How to Make Filipino Monggo Bean Soup With Bacon
What Are Monggo Beans?
Monggo beans, also known as mongo or mung beans, are small green beans that belong to the legume family. They originated in India and were also cultivated in China and other parts of Asia, including the Philippines. Highly nutritious, these beans are rich in vitamins, minerals, fiber, protein, and antioxidants.
Monggo beans can be cooked in many different ways. They are frequently used in soups, with or without coconut milk. They can be boiled and used as a filling for cakes and cookies. They can also be germinated to produce sprouts, which are used in salads or as fillings for spring rolls or lumpia.
The recipe I'd like to share here, monggo bean soup, is a common Filipino comfort food. It is usually made with moringa leaves and pork chops, but in this recipe I've substituted bacon for the pork chops.
Monggo beans are highly nutritious. They are rich in vitamins, minerals, fiber, protein, and antioxidants.
- 1 cup monggo beans, soaked overnight
- 1 to 2 liters water
- 2 tablespoons vegetable oil
- 100 to 200 grams bacon, thinly sliced or cubed
- 1 onion, cubed
- 1 to 2 cloves garlic, minced
- 1 to 2 small ginger roots, sliced
- 1 tomato, cubed
- 1 handful dried or fresh moringa leaves
- Salt, to taste
- White pepper powder, to taste
- 1 spring onion, chopped
- Wash the soaked monggo beans. Cook them in a deep pot with 1 liter of water over moderate heat until the beans are tender. Add more water if the pot begins to dry out.
- Meanwhile, in another deep pot, heat the vegetable oil and add the bacon. Saute until the bacon is golden brown. Remove the cooked bacon from the pot, but retain the bacon grease.
- In the pot with the bacon grease, saute the onions and the garlic until the onions are glassy or translucent.
- Add the ginger and tomato to the pot. Saute for a few minutes.
- Add the cooked monggo beans, including the cooking water, to the pot (you can add more water if you'd like). Simmer for a few minutes until the soup comes to a boil.
- Add the moringa leaves. Mix well.
- Add the cooked bacon to the soup. Add salt (if needed) and pepper powder to taste.
- Add the spring onions and stir. Remove the pot from the stove.
- Serve with boiled rice or bread of your choice.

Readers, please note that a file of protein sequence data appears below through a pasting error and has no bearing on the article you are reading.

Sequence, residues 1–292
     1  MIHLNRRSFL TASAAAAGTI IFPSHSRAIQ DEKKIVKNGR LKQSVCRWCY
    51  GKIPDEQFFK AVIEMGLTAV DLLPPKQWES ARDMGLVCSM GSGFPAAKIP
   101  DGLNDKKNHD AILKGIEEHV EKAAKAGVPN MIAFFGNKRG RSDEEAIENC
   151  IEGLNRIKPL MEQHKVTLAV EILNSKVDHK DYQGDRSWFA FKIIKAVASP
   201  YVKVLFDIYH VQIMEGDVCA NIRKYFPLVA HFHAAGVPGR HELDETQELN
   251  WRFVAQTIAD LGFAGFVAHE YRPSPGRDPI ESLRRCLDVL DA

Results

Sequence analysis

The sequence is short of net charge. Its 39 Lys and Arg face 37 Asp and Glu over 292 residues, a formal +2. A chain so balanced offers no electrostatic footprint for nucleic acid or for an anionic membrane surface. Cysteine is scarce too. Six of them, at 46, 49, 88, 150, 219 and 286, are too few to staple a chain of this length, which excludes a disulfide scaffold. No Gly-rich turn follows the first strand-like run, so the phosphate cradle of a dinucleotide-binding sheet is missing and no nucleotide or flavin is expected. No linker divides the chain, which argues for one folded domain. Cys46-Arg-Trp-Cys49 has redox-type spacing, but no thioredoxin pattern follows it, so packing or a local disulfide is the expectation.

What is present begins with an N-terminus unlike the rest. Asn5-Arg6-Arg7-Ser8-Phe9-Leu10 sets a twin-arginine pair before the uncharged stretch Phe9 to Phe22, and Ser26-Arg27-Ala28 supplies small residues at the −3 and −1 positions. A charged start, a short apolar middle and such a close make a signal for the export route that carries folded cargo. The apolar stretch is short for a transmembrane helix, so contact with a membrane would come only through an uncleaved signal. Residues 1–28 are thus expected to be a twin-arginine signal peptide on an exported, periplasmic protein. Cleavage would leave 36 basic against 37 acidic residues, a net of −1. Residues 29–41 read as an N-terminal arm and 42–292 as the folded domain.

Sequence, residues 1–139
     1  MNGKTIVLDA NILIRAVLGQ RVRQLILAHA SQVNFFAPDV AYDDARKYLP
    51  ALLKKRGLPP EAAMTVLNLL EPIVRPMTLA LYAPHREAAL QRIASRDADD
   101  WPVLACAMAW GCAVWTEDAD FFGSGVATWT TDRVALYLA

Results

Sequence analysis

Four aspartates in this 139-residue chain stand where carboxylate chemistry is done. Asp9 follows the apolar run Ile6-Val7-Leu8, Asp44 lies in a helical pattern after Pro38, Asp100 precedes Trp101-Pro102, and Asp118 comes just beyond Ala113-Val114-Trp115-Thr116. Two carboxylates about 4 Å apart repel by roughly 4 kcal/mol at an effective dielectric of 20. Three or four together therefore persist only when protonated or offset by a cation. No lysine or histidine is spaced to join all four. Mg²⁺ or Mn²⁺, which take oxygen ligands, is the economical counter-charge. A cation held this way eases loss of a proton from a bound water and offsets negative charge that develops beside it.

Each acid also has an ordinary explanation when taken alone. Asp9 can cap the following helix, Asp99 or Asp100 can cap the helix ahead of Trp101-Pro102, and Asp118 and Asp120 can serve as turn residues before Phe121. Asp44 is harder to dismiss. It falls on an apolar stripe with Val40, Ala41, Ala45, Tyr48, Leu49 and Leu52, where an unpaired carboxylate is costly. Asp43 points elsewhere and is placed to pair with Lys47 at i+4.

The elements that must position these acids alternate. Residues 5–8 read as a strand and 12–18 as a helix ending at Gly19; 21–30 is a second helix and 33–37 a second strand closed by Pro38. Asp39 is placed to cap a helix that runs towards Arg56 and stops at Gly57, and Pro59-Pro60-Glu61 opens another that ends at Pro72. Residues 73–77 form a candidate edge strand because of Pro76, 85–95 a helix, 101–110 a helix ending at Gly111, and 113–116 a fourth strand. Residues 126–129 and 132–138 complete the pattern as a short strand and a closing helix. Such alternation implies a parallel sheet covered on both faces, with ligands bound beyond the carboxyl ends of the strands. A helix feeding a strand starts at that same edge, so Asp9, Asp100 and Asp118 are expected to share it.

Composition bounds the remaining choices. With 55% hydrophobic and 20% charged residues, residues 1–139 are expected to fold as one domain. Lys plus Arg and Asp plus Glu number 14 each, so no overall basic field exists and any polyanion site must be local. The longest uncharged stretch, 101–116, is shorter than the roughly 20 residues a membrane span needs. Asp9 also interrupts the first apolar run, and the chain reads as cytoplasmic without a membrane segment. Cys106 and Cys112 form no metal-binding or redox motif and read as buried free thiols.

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Video: Step-by-Step Tutorial
Writing is a lot like making soup. My subconscious cooks the idea, but I have to sit down at the computer to pour it out.— Robin Wells
If you don't have access to all of the ingredients, or if you'd prefer to not to use something in particular, here are some possible substitutions.
- Dried moringa leaves: Fresh moringa leaves, kang kong (water spinach), spinach, bitter melon (bitter gourd) leaves
- Bacon: Smoked pork meat, pork chops, pork belly
- Spring onion: Parsley
Tips and Techniques
- Soaking the monggo beans overnight will decrease the time it takes to make the beans tender.
- If you are a garlic lover, feel free to add more garlic than I have indicated.
- Smoked pork belly is a delicious alternative to bacon.
- When it comes to the moringa leaves, fresh is better than dried. If you have access to fresh moringa leaves in your supermarket, I strongly recommend using fresh. I use dried leaves because I can't get fresh leaves here in Germany, where I now live. I sun-dried the leaves myself when I last visited the Philippines, and then I brought them back with me to Germany.
- Some of my Filipino friends use bitter melon or bitter gourd leaves instead of moringa leaves.
- Kang kong (water spinach) or spinach are both alternatives to moringa leaves.
- If you wish, you can add coconut milk to this soup. This is a delicious variation.
- If you'd like to make this a vegetarian soup, you can easily do so. Just use homemade or store-bought vegetable broth.
Thank you very much for reading. I hope you enjoy this soup.
© 2019 Thelma Alberts